I think ‘heartmind’ is at least borderline English, Microsoft notwithstanding. A language isn’t just a conventional set of strings; it’s facilities for inventing new ones. Whatever the approved rules about hyphens, often you can invent a string like ‘juiceglass’ and ‘teacupmaker’ or ‘codballs’ or ‘spoonfork’ and
use it without having to explain yourself.
A problem, as Tao Jiang points out, is that (aside from Chad’s good point that ‘heartmind’ suggests that the users of the term have a distinction between heart and mind) it’s unclear how we should parse the compound ‘heartmind’. I tried to distinguish two possibilities above: (a) that the term imports a rejection of the distinction, and (b) that ‘heart’ is modifying or limiting ‘mind’: your heartmind is your heart kind of mind, the mind of your heart.
I suppose (b) is like what we find in ‘juiceglass’ and ‘teacupmaker’ and ‘codballs’ and even ‘spoonfork’. So maybe as between (a) and (b), (b) has the better claim to being English.
Another possibility Tao points to, which indeed hadn’t occurred to me, is reading ‘heartmind’ as (c) the sum of heart and mind, like reading ‘handwrist’ or ‘handglove’ as referring to the larger object comprising both hand and wrist, or hand and glove. This reading of ‘heartmind’ would seem to conflict with its use as a translation for ‘xin’ when the latter is used to refer to a nexus of cognitive functions largely not including feelings whose existence in humans is nevertheless not denied.
‘Mindheart’ may differ from ‘heartmind’ (aside from the former’s possible use as an honorific for David Hume) in that the former may invite a reading as (d1) the cognitive or mental kind of heart — as opposed to any other kinds of heart or feeling there might be. (腳腕 and Handschuh mean ankle and glove; not hand and foot.)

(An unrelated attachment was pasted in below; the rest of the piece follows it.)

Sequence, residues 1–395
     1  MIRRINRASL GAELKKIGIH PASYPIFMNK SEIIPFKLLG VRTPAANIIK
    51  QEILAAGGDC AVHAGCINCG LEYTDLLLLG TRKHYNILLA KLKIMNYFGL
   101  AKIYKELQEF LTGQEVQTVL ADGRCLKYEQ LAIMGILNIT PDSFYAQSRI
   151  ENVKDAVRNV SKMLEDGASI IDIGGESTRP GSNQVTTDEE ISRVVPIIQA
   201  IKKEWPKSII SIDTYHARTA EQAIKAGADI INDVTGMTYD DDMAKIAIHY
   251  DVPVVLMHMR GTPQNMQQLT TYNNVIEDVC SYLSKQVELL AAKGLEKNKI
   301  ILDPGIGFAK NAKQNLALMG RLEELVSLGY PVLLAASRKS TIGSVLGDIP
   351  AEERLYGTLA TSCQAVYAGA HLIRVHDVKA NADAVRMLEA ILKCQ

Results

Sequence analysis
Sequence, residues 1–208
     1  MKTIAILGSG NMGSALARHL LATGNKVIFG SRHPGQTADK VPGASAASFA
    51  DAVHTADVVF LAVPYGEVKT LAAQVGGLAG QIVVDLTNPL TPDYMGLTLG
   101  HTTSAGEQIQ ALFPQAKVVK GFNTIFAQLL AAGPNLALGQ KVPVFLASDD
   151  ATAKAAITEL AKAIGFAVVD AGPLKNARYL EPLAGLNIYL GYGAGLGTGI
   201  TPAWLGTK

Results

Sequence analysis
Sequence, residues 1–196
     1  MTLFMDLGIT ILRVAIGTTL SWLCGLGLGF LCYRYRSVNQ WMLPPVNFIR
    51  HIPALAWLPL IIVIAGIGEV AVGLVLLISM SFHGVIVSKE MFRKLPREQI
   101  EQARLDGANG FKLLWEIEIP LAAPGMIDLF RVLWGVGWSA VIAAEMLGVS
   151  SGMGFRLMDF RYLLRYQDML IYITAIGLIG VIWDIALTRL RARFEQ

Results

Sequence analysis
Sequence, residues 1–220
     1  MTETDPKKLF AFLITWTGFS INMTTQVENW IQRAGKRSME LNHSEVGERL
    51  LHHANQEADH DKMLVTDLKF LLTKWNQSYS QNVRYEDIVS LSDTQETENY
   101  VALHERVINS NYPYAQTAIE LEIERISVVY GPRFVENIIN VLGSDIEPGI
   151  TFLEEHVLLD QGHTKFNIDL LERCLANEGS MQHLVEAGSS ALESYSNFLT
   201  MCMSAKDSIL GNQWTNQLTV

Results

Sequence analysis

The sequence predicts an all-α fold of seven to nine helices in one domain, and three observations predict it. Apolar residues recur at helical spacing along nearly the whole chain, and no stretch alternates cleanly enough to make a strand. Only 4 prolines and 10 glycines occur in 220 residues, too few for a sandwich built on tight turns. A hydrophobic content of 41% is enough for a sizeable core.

Insofar as ‘mindheart’ puts ‘heart’ into the noun position, it could also be read as meaning (d2) ‘the heart of your mind’ in the sense of the core of your mind. Only, I think in English it’s unnatural to connect that image with the idea of (d1) the cognitive kind of feeling.
But I suppose the worries about parsing ‘heartmind’ are of limited importance, because I agree that before someone explains the term ‘heartmind’, along with looking like it kind of means (b) the heart kind of mind, it also kind of looks like one doesn’t yet understand the term—that it maybe isn’t even natural English. That doesn’t mean it looks as though it is ambiguous (cf. e.g. ‘moroxydine’). On the contrary: it looks like a signal of special clarity and/or narrowness, because the unfamiliarity suggests that it is an artificial term. And I think the ambiguity of ‘xin’ for native users doesn’t amount to its looking at all strange to them.
But I agree that the strangeness of ‘heartmind’, plus the absence of explanation, should lead a reader to attend to the context to try to figure out the meaning, and that might be a virtue.
I’m an outsider to this debate (I do Chinese Philosophy only very tangentially, though I suppose I have co-authored something on `xin’…). I’m really enjoying this discussion though. So take this as a comment from someone who’s potentially an interested, educated lay-audience for your translations.